Local Commentary

Our Man in Arlington

If you harbor gripes that our county government gets too ambitious, consider an episode from the 1930s.

In what probably ranks as the most disruptive Arlington project ever, our entire street grid was renamed. The modern system of (mostly) logical groups of streets by numbers and syllables was an engineering and citizen consultation feat that foreshadowed what we call the “Arlington Way.”

The tale was told in a 1959 Arlington Historical Magazine by C.L. Kinnier, who directed Arlington’s Engineering Department when the streets were renamed.

Authority came after 1932, when Arlington switched to the county manager system and the board appointed Roy Braden to the new job. Braden’s recommendation for a new street system diagnosed a status quo that inflicted multiple hassles.

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Duplication: too many “improperly named” streets labeled Washington, Lee, Arlington or Fairfax. Some residents had to add their subdivision (Radnor Heights, Country Club Hills) to their address to receive mail or deliveries. Rural folks had to use “Alexandria RFD.” The old streets were a hodgepodge of “tree names” followed by streets named for friends or family, local or historical, Braden noted.

The problems were traced to understaffing and the county’s growth from 16,040 persons in 1920 to 26,615 in 1930.

The board farmed the job out to the Engineering Department after naming a committee on March 1, 1932, chaired by Monroe Sockett. It heard pleas from the Arlington Civic Federation and the Chamber of Commerce, which pointed out that reforms were vital if Arlington was to get a central Post Office. The committee also sought advice from the American Municipal League, the County Managers Association and engineering firms.

Kibitzers suggested new street names, even whole schemes. Some wanted a continuation of District of Columbia streets. “Each thought it better to change the name of the other man’s street rather than his,” Kinnier wrote.

The planners hung a giant map in their work room. They had to divide the county into North and South (rejecting a proposal for quadrants). They considered what today is Washington Blvd. as the divider. (At the time, that road had sections called Memorial Dr., Garrison Rd. and Brown Ave.) Instead they chose Lee Blvd. (now Arlington Blvd.).

The list of must-keep old names included traditional Virginia standbys and state roads — Lee Highway, Old Dominion Dr. and Jefferson Davis Highway (that lasted until 2019).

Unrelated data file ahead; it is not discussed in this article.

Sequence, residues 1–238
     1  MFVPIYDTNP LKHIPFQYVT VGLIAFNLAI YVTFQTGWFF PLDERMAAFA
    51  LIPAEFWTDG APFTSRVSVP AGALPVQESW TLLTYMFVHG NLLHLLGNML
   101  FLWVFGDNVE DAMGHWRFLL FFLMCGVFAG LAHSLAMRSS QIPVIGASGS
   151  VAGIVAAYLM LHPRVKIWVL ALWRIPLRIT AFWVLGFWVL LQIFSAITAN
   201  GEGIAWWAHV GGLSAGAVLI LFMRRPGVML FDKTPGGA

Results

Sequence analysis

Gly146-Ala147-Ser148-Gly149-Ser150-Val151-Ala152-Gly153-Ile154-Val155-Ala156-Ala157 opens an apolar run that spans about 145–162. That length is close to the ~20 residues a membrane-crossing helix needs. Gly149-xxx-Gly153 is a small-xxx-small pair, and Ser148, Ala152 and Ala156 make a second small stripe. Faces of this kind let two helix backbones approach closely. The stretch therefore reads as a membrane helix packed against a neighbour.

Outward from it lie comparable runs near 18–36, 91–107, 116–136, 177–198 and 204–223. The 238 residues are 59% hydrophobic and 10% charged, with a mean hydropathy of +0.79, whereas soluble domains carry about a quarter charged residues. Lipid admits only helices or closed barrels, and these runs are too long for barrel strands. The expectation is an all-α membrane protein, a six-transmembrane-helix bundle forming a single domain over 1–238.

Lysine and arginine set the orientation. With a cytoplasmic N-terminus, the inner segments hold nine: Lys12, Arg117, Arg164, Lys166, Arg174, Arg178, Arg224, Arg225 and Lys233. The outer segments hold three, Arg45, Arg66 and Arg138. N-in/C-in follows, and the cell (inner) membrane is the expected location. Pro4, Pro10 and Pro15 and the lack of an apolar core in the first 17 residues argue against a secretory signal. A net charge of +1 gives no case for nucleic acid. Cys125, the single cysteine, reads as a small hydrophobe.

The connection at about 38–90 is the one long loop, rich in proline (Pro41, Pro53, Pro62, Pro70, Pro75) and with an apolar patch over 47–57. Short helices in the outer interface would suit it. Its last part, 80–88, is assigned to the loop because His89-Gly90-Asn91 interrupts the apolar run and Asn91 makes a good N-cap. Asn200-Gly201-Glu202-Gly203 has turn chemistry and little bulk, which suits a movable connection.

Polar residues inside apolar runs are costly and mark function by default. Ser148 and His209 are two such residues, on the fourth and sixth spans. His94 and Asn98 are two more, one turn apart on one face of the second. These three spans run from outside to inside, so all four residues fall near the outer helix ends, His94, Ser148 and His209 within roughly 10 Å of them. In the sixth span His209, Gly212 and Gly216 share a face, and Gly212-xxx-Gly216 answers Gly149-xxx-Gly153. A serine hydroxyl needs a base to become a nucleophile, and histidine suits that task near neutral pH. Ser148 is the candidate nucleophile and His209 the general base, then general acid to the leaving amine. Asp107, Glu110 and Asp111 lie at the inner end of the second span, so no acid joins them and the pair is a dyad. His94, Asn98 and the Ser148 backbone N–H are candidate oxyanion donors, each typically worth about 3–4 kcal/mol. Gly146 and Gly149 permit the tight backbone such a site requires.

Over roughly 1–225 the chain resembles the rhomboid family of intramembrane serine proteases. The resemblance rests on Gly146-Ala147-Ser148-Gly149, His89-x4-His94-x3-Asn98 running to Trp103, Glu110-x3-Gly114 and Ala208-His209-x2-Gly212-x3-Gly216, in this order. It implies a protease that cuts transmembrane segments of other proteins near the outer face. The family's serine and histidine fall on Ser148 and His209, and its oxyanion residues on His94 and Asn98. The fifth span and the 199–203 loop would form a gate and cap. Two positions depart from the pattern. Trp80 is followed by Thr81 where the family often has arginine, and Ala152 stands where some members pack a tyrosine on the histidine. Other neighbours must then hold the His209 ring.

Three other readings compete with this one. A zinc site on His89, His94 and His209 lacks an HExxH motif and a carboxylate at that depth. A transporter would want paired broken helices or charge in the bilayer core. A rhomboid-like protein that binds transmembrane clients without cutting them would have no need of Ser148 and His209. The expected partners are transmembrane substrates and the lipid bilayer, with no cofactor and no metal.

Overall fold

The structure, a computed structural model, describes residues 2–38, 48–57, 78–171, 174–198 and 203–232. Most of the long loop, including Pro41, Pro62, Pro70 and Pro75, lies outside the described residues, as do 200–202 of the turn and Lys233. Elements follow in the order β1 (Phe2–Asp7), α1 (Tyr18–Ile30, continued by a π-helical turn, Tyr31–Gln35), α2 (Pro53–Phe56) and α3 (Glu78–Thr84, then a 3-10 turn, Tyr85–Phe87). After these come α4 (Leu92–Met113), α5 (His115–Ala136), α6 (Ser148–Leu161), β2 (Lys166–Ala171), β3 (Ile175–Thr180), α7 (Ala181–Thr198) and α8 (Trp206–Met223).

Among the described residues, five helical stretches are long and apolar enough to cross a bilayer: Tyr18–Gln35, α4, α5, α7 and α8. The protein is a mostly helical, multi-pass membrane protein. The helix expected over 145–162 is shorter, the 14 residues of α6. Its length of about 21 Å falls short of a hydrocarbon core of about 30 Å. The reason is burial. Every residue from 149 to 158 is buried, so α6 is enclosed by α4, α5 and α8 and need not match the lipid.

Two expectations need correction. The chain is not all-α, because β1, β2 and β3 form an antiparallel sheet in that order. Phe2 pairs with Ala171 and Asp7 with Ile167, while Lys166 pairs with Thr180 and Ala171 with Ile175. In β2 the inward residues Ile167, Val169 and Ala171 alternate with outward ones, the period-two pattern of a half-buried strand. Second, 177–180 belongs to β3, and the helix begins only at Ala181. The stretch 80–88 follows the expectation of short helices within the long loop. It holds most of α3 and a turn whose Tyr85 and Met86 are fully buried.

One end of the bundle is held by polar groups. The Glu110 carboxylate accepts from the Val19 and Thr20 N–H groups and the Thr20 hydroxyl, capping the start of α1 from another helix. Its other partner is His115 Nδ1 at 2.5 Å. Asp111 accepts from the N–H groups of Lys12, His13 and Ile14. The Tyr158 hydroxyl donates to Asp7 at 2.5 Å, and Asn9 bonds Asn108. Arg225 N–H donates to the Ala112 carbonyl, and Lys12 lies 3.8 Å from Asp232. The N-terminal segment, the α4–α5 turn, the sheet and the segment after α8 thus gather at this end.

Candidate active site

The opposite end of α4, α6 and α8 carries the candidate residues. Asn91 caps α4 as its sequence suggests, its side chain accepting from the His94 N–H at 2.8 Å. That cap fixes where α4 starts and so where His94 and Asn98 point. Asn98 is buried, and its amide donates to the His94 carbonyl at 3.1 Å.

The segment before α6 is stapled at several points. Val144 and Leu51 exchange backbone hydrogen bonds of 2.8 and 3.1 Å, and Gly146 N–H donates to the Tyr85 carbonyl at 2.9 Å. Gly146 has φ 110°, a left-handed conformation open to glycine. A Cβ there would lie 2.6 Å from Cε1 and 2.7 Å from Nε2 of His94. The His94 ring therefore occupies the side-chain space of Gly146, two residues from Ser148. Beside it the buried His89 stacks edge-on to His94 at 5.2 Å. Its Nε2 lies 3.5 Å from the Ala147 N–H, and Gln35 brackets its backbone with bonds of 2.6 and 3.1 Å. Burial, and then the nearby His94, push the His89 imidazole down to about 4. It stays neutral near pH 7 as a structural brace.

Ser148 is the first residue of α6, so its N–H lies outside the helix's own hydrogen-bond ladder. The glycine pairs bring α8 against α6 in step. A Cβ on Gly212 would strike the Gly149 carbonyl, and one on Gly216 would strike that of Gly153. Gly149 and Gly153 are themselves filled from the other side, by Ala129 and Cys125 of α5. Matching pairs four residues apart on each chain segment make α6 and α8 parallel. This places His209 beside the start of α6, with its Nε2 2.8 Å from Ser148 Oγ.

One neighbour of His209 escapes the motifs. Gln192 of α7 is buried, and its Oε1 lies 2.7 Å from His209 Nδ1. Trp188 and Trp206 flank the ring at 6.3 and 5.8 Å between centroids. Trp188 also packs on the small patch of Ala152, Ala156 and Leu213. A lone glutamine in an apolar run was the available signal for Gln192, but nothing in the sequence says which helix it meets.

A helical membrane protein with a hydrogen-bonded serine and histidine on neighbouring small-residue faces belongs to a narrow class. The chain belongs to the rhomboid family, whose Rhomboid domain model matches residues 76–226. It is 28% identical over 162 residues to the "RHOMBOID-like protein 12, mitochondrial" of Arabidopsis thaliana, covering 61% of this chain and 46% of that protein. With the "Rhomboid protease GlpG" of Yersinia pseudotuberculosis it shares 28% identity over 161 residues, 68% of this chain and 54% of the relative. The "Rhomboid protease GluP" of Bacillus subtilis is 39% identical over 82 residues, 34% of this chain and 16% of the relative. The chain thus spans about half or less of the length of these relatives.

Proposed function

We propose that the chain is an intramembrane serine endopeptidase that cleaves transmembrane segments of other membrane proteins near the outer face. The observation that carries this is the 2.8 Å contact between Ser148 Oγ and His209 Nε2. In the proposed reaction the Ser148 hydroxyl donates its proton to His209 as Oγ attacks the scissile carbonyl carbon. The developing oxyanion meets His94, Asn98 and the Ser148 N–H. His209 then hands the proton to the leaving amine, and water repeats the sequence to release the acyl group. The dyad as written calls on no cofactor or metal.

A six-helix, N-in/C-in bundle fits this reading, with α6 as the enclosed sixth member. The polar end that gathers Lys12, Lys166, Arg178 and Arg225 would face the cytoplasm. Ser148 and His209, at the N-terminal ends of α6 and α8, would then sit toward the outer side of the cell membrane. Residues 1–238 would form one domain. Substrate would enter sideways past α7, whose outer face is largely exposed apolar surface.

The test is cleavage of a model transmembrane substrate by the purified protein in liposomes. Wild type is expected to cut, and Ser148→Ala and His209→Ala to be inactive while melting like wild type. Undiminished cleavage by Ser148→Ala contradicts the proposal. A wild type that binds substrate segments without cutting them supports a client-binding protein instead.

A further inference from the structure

Rules required that streets at right angles to the divider have names; that streets parallel be numbered.

Sockett’s monthly work sessions for a year had been open, but the final system was formally vetted at a June 21, 1933, hearing.

Thirty months after its start, the committee saw its recommendations win board approval on Aug. 30, 1934. The county then reassigned house numbers. “Houses on the south and west sides of the streets would have even numbers and those opposite would have odd numbers,” Kinnier wrote. They had to update and scrub all Courthouse information and create signs at 3,000 intersections. Total appropriated funds: $7,500.

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The new system took effect July 1, 1935. The board passed an ordinance declaring that “if any majority of the citizens of one street did not like the name selected, and wished to change it to some other name that would fit the ordinance, it could have the change made provided they would pay for the signs.”


Fun memory of Hollywood glamour in 1960s Arlington comes from my boyhood friend Gary Glover.

Gary’s grandfather Joe Fuschini, founder of the old Progressive Cleaners in Cherrydale, kept an immaculate home and yard on Huntington St. in Westover. One day Ira Beaty, father of Washington-Lee (now Washington-Liberty) grads and movie stars Shirley MacLaine and Warren Beatty, knocked on his door and offered to buy the property. Fuschini slept on the proposal and then called Beaty to accept his offer.

Two weeks later, however, it was daughter MacLaine who showed up and wrote the check for her dad at Joe’s price. In business back then, Gary said, “Your word was your bond.”

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